Of this English upper-middle class speech we may note (a) that it is not localised in any one place, (b) that though the people who use this speech are not all acquainted with one another, they can easily recognise each other’s status by this index alone, (c) that this elite speech form tends to be imitated by those who are not of the elite, so that other dialect forms are gradually eliminated, (d) that the elite, recognising this imitation, is constantly creating new linguistic elaborations to mark itself off from the common herd.
—E. R. Leach, Political Systems of Highland Burma: A Study of Kachin Social Structure, 1954
The internationalized art world relies on a unique language. Its purest articulation is found in the digital press release. This language has everything to do with English, but it is emphatically not English. It is largely an export of the Anglophone world and can thank the global dominance of English for its current reach. But what really matters for this language—what ultimately makes it a language—is the pointed distance from English that it has always cultivated.
In what follows, we examine some of the curious lexical, grammatical, and stylistic features of what we call International Art English. We consider IAE’s origins, and speculate about the future of this language through which contemporary art is created, promoted, sold, and understood. Some will read our argument as an overelaborate joke. But there’s nothing funny about this language to its users. And the scale of its use testifies to the stakes involved. We are quite serious.
IAE, like all languages, has a community of users that it both sorts and unifies. That community is the art world, by which we mean the network of people who collaborate professionally to make the objects and nonobjects that go public as contemporary art: not just artists and curators, but gallery owners and directors, bloggers, magazine editors and writers, publicists, collectors, advisers, interns, art-history professors, and so on. Art world is of course a disputed term, but the common alternative—art industry—doesn’t reflect the reality of IAE. If IAE were simply the set of expressions required to address a professional subject matter, we would hardly be justified in calling it a language. IAE would be at best a technical vocabulary, a sort of specialized English no different than the language a car mechanic uses when he discusses harmonic balancers or popper valves. But by referring to an obscure car part, a mechanic probably isn’t interpellating you as a member of a common world—as a fellow citizen, or as the case may be, a fellow traveler. He isn't identifying you as someone who does or does not get it.
When the art world talks about its transformations over recent decades, it talks about the spread of biennials. Those who have tried to account for contemporary art’s peculiar nonlocal language tend to see it as the Esperanto of this fantastically mobile and glamorous world, as a rational consensus arrived at for the sake of better coordination. But that is not quite right. Of course, if you’re curating an exhibition that brings art made in twenty countries to Dakar or Sharjah, it’s helpful for the artists, interns, gallerists, and publicists to be communicating in a common language. But convenience can’t account for IAE. Our guess is that people all over the world have adopted this language because the distributive capacities of the Internet now allow them to believe—or to hope—that their writing will reach an international audience. We can reasonably assume that most communication about art today still involves people who share a first language: artists and fabricators, local journalists and readers. But when an art student in Skopje announces her thesis show, chances are she’ll email out the invite in IAE. Because, hey—you never know.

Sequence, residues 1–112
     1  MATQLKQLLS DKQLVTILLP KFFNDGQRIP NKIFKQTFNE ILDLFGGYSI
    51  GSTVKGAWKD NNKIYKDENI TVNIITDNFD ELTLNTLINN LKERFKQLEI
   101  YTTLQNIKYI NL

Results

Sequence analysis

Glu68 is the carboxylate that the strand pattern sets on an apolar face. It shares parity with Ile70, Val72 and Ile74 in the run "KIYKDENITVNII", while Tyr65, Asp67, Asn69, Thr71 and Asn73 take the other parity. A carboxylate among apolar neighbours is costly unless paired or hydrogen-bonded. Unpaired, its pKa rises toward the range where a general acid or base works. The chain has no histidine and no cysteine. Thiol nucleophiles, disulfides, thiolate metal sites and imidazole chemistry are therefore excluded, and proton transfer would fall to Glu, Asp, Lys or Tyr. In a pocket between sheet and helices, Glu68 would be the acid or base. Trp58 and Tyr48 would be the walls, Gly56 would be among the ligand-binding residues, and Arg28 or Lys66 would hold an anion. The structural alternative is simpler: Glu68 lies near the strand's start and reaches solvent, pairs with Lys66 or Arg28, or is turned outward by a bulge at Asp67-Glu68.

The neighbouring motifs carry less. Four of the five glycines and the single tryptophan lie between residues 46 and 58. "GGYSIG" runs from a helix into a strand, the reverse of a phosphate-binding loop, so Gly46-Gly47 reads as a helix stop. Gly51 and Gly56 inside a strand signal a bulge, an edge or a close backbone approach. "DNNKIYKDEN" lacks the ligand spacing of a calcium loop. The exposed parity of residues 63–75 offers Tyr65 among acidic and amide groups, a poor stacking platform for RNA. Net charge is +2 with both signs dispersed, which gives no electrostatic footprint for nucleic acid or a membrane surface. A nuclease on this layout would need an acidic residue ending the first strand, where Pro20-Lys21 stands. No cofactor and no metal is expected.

To appreciate this impulse and understand its implications, we need only consider e-flux, the art world’s flagship digital institution. When it comes to communication about contemporary art, e-flux is the most powerful instrument and its metonym. Anton Vidokle, one of its founders, characterizes the project as an artwork.1 Essentially, e-flux is a listserv that sends out roughly three announcements per day about contemporary-art events worldwide. Because of the volume of email, Vidokle has suggested that e-flux is really only for people who are “actively involved” in contemporary art.
There are other ways of exchanging this kind of information online. A service like Craigslist could separate events by locality and language. Contemporary Art Daily sends out illustrated mailings featuring exhibitions from around the world. But e-flux channels the art world’s aspirations so perfectly: You must pay to send out an announcement, and not every submission is accepted. Like everything the art world values, e-flux is curated. For-profit galleries are not eligible for e-flux’s core announcement service, so it is also plausibly not commercial. And one can presume—or at very least imagine—that everyone in the art world reads it. (The listserv has twice as many subscribers as the highest-circulation contemporary-art publication, Artforum—never mind the forwards!) Like so much of the writing about contemporary art that circulates online, e-flux press releases are implicitly addressed to the art world’s most important figures—which is to say that they are written exclusively in IAE.
We’ve assembled all thirteen years of e-flux press announcements, a collection of texts large enough to represent patterns of linguistic usage. Many observations in this essay are based on an analysis of that corpus.